The standard deviation is 0.6'' and 0.8'' for Right Ascensions and Declinations, respectively. This confirms that the accuracy of coordinates calculated with the DSS plate solution mostly depends on the accuracy of the definition of the galaxy center. For small galaxies (diameter smaller than 1') the accuracy is better than 1''.
|Figure 3: Histogram of the differences between the Right Ascensions given by Munn et al. and this paper. The standard deviation is 0.6''|
|Figure 4: Histogram of the differences between the Declination given by Munn et al. and this paper. The standard deviation is 0.8''|
We thank H.G. Corwin for carefully reading and checking the manuscript of this paper. We made use of the ESO facility in Münich for retrieving images from the Digitized Sky Survey produced at the Space Telescope Science Institute under US Government grant NAG W-2166. It is based on photographic data obtained using The UK Schmidt Telescope and the Palomar Sky Survey.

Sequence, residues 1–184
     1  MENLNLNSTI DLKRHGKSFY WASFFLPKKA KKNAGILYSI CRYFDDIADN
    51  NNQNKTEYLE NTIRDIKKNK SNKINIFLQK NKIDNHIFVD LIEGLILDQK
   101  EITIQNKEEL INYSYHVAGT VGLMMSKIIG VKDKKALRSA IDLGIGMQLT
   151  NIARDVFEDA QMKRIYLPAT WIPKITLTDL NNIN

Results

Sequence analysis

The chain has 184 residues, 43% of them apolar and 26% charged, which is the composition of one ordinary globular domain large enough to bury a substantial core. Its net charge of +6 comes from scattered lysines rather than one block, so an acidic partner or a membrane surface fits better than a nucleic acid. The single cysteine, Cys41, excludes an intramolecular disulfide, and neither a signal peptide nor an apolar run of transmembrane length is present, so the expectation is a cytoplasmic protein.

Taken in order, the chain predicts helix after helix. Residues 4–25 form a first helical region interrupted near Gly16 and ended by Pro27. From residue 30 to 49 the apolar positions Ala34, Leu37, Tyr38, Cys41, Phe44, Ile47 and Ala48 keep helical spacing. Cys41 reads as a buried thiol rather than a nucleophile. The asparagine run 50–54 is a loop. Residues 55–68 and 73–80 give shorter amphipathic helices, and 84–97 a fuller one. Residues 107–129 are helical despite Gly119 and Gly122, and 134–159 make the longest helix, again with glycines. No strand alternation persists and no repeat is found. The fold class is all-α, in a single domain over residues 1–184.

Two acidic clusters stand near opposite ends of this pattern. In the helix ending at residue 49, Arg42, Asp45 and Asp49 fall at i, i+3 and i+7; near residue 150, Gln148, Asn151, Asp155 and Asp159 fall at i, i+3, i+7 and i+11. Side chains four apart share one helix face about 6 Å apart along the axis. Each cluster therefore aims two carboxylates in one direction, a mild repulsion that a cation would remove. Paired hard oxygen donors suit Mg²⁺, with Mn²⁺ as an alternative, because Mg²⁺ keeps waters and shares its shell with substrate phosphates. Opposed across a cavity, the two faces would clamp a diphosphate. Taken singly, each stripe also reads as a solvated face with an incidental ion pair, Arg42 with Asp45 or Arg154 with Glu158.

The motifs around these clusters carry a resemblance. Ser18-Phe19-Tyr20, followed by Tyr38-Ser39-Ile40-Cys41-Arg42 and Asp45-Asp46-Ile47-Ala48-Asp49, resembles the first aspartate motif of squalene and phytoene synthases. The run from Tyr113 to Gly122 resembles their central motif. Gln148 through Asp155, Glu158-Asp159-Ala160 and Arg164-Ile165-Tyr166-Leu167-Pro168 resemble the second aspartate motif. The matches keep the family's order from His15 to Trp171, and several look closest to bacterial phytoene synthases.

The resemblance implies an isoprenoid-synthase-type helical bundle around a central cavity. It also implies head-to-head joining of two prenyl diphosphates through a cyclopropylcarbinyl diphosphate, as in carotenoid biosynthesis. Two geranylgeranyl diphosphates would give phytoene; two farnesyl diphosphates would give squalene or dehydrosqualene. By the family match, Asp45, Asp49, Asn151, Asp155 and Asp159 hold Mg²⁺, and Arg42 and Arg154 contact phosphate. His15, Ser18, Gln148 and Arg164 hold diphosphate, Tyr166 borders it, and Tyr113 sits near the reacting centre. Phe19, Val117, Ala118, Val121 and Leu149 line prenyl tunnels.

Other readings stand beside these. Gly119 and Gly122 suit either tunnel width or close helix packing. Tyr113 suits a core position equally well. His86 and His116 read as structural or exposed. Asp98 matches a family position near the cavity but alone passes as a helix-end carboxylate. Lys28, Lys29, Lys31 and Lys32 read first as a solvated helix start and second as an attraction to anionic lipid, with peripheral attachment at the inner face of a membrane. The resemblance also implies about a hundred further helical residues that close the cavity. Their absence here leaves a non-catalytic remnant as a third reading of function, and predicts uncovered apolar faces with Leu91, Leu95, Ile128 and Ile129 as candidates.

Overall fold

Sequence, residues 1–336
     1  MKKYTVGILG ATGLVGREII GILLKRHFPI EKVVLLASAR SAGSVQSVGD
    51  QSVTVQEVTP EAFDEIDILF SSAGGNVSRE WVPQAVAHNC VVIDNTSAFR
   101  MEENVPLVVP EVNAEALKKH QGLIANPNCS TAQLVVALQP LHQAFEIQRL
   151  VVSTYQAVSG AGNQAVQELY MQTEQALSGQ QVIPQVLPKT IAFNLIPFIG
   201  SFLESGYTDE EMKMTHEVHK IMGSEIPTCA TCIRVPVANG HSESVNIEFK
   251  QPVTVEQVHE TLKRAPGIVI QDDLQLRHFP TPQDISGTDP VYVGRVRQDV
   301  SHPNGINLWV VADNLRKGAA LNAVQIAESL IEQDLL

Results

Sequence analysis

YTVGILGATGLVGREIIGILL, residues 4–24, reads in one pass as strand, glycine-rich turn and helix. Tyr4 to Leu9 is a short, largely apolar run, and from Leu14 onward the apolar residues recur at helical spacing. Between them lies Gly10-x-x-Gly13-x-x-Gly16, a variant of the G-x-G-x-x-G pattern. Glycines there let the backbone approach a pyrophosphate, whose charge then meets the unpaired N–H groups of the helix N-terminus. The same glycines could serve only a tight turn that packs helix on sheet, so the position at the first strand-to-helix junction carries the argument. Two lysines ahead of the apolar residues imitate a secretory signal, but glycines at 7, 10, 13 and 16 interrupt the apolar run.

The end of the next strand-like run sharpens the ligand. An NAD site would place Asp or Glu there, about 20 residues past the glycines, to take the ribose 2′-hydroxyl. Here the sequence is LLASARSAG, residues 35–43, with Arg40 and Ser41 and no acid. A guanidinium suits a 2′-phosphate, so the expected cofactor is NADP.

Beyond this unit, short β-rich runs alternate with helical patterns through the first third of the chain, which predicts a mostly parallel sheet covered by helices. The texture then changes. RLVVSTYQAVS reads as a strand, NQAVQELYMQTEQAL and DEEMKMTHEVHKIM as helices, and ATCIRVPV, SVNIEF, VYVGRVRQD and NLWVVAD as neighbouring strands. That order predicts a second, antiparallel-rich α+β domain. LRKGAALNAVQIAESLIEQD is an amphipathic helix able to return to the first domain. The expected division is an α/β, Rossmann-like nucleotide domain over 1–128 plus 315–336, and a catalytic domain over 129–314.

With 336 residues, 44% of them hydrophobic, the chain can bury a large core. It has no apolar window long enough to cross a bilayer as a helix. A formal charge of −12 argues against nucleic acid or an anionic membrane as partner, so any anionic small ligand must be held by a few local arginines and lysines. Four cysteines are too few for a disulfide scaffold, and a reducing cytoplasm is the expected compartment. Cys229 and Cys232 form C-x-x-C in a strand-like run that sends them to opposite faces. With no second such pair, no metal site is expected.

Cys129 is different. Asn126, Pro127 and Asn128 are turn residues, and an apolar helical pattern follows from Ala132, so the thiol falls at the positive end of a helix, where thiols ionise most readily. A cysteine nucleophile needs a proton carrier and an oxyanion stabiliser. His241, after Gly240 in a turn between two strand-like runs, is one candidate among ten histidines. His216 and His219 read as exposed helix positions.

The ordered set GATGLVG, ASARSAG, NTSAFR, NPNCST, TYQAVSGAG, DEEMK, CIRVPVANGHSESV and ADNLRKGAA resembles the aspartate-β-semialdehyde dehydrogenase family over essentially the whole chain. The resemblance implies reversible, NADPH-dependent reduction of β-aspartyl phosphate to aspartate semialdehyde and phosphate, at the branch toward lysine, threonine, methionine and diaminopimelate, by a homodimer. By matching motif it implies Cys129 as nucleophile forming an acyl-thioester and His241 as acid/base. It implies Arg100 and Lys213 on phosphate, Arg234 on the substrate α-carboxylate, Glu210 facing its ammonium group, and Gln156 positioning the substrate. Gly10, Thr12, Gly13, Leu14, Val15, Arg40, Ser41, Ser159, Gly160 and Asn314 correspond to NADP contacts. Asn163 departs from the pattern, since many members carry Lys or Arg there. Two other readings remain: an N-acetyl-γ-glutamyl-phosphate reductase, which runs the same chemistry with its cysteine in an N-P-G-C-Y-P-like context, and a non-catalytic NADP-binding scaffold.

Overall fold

The UK Schmidt Telescope was operated by the Royal Observatory Edinburgh, with funding from the UK Science and Engineering Research Council, until 1988 June, and thereafter by the Anglo-Australian Observatory. Original plate material is copyright (c) the Royal Observatory Edinburgh and the Anglo-Australian Observatory. The plates were processed into the present compressed digital form with their permission. We made use of the NASA/IPAC Extragalactic Database (NED) which is operated by the Jet Propulsion Laboratory, Caltech under contract with the National Aeronautics and Space Administration.
Copyright The European Southern Observatory (ESO)